Trump was right about energy
On energy, President Trump again demonstrated his uncanny ability to see around the corner, and what he saw is now being seen by some Wall Street heavyweights. As a commonsense American, Trump saw the handwriting — now some hand-wringing — that the green energy solutions aren't ready for prime time. While his insights and warnings went unheeded, his message is now getting a hearing on Wall Street.
According to Larry Fink of BlackRock in his 2022 shareholder letter (bold type his):
The transition to net zero is already uneven with different parts of the global economy moving at different speeds. It will not happen overnight. We need to pass through shades of brown to shades of green. For example, to ensure continuity of affordable energy supplies during the transition, traditional fossil fuels like natural gas will play an important role both for power generation and heating in certain regions, as well as for the production of hydrogen.
As we pursue these ambitious goals — which will take time — governments and companies must ensure that people continue to have access to reliable and affordable energy sources. This is the only way we will create a green economy that is fair and just and avoid societal discord. And any plan that focuses solely on limiting supply and fails to address demand for hydrocarbons will drive up energy prices for those who can least afford it, resulting in greater polarization around climate change and eroding progress.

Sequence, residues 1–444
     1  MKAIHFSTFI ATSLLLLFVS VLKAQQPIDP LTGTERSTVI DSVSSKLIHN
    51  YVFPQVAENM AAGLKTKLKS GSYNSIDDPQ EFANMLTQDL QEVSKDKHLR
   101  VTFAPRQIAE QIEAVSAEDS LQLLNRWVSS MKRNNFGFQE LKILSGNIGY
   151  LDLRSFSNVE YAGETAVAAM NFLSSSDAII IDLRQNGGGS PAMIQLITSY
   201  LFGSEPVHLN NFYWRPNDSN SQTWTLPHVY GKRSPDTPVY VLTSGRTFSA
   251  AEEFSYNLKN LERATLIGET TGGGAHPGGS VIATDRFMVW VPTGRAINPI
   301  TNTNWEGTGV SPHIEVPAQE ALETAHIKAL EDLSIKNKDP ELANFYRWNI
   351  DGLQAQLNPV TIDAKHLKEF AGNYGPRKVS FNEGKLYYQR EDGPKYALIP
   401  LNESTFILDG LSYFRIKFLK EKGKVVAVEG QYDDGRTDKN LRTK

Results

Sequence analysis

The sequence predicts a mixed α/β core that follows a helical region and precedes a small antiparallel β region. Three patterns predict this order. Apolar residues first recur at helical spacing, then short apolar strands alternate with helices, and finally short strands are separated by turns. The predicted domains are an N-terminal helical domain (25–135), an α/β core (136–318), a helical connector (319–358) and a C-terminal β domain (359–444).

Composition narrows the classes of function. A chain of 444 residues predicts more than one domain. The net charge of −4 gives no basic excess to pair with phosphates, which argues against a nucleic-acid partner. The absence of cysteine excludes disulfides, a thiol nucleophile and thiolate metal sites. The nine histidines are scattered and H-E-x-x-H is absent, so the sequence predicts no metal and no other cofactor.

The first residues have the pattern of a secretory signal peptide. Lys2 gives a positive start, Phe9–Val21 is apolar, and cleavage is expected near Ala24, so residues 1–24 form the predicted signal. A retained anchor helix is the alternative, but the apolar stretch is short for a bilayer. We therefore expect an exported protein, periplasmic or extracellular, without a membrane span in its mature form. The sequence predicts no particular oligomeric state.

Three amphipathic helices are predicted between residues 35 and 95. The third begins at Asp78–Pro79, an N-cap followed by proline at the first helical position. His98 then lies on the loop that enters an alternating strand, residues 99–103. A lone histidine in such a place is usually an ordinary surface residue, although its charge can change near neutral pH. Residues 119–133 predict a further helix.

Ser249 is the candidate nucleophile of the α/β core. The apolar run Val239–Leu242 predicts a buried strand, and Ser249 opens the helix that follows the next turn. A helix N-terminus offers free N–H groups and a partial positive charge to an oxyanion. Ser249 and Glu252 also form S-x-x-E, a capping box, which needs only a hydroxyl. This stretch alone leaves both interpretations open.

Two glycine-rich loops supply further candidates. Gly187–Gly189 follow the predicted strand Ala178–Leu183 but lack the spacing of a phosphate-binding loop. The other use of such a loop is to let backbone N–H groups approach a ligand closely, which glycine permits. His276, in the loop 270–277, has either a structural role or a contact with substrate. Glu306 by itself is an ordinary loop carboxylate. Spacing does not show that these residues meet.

Divesting from entire sectors — or simply passing carbon-intensive assets from public markets to private markets — will not get the world to net zero.
Interestingly, Mr. Fink makes the new "energy equity" argument — namely, that high energy costs are far from equitable and are arguably racist since they target the less fortunate, who all too often are non-white people — not to mention traditionally Democrat voters.
Fink finds himself singing the same tune as hedge fund billionaire Ray Dalio. Earlier this year, he addressed a conference in Abu Dhabi.
"Thank God for the oil producers" because they are providing reliable supply, Dalio said Monday on a panel at the Abu Dhabi Sustainability Week summit. Dalio is adding his voice to a chorus urging vigilance in how the world transitions toward greening the economy and the impact it could have on everything from the cost of fuel to food.
As always, politicians are the last to know. But the new "tap the brakes on green energy" message is coming from the folks who bankroll the politicians. So perhaps there's hope for a more Trumpian energy future.
Image: Gage Skidmore.